NAME

rwbagtool - Perform high-level operations on binary Bag files

SYNOPSIS

  rwbagtool { --add | --subtract | --minimize | --maximize
              | --divide | --scalar-multiply=VALUE
              | --compare={lt | le | eq | ge | gt} }
        [--intersect=SETFILE | --complement-intersect=SETFILE]
        [--mincounter=VALUE] [--maxcounter=VALUE]
        [--minkey=VALUE] [--maxkey=VALUE]
        [--invert] [--coverset] [--ipset-record-version=VERSION]
        [--output-path=PATH]
        [--note-strip] [--note-add=TEXT] [--note-file-add=FILE]
        [--compression-method=COMP_METHOD]
        [BAGFILE[ BAGFILE...]]

  rwbagtool --help

  rwbagtool --version

DESCRIPTION

rwbagtool performs various operations on binary Bag files and creates a new Bag file. A Bag is a set where each key is associated with a counter. rwbag(1) and rwbagbuild(1) are the primary tools used to create a Bag file. rwbagcat(1) prints a binary Bag file as text.

rwbagtool can add Bags together, subtract a subset of data from a Bag, divide a Bag by another, compare the counters of two Bag files, perform key intersection of a Bag with an IPset, extract the keys of a Bag as an IPset, or filter Bag entries based on their key or counter values.

In the command synopsis above, BAGFILE is a the name of a file or a named pipe, or the names stdin or - to have rwbagtool read from the standard input. If no Bag file names are given on the command line, rwbagtool attempts to read a Bag from the standard input. If BAGFILE does not contain a Bag, rwbagtool prints an error to stderr and exits abnormally.

OPTIONS

Option names may be abbreviated if the abbreviation is unique or is an exact match for an option. A parameter to an option may be specified as --arg=param or --arg param, though the first form is required for options that take optional parameters.

Operation switches

The first set of options are mutually exclusive; only one may be specified. If none are specified, the counters in the Bag files are summed.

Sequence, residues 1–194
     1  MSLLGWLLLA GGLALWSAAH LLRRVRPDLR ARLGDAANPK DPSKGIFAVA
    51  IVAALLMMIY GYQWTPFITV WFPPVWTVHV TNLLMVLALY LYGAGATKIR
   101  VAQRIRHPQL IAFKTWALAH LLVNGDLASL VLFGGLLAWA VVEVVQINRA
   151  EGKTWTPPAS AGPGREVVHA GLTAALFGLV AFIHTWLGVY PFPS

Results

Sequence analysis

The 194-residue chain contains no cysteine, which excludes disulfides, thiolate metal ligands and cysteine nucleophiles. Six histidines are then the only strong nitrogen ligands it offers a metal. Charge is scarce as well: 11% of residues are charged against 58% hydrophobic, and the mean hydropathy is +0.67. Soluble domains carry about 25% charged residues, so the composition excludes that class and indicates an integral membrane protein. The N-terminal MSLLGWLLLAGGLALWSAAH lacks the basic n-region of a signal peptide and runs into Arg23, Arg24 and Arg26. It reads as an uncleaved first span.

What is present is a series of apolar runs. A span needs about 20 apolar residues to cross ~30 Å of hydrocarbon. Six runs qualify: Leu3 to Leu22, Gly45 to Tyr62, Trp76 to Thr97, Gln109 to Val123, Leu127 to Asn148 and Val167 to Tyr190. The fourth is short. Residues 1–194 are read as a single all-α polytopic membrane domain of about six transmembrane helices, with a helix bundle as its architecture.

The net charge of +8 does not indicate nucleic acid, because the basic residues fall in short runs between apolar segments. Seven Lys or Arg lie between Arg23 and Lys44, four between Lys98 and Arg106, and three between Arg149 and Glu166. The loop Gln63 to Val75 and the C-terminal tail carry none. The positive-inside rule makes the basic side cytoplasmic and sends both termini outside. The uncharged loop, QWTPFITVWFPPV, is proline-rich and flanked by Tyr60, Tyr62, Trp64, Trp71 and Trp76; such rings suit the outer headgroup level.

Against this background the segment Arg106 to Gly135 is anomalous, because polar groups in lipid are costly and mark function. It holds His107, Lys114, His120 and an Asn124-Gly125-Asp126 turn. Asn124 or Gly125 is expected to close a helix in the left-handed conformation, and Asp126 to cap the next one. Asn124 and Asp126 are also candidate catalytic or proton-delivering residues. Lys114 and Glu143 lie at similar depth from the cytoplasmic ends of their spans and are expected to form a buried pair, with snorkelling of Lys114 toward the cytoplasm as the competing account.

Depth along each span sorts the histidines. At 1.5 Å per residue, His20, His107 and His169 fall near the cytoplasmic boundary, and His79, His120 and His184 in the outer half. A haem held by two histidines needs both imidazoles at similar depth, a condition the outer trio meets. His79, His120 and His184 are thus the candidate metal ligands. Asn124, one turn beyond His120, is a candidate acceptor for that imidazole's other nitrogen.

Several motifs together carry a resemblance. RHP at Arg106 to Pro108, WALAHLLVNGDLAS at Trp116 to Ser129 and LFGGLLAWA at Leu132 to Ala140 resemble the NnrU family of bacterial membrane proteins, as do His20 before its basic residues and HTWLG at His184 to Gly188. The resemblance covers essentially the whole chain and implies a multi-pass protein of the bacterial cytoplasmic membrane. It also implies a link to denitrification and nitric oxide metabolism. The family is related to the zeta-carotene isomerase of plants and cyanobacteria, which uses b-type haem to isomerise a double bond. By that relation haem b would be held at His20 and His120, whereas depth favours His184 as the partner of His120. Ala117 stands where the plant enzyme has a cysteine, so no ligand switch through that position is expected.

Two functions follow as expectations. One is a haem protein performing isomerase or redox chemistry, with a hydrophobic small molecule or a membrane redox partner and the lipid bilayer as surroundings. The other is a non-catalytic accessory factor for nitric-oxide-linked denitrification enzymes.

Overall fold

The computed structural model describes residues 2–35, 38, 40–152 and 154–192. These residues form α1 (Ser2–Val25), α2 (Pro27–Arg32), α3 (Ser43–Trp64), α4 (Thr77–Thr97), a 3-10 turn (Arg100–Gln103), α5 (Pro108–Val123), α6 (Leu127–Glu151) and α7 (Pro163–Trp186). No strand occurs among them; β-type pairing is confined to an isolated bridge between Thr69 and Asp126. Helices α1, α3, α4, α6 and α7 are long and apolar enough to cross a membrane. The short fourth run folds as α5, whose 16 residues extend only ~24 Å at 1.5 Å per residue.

--add

Sum the counters for each key for all Bag files given on the command line. At least one Bag file must be specified, and any number of additional Bag files may be given. If a key is not present in an input file, a counter of zero is used. When no operation switch is specified on the command line, the add operation is the default.

--subtract

Subtract from the first Bag file all subsequent Bag files. At least one Bag file must be specified, and any number of additional Bag files may be given. If a key does not appear in the first Bag file, rwbagtool assumes it has a value of 0. If subtracting a key's counters results in a non-positive number, the key does appear in the resulting Bag file.

--minimize

Cause the output to contain the minimum counter seen for each key. Keys that do not appear in all input Bags do not appear in the output. At least one Bag file must be specified, and any number of additional Bag files may be given.

--maximize

Cause the output to contain the maximum counter seen for each key. The output contains each key that appears in any input Bag. At least one Bag file must be specified, and any number of additional Bag files may be given.

--divide

Divide the first Bag file by the second Bag file. It is an error if only one Bag file or more than two Bag files are given. Every key in the first Bag file must appear in the second file; the second Bag may have keys that do not appear in the first, and those keys do not appear in the output. Since Bags do not support floating point numbers, the result of the division is rounded to the nearest integer (values ending in .5 are rounded up). If the result of the division is less than 0.5, the key does not appear in the output.

--scalar-multiply=VALUE

Multiply each counter in the Bag file by the scalar VALUE, where VALUE is an integer in the range 1 to 18446744073709551615. This switch requires a single Bag as input.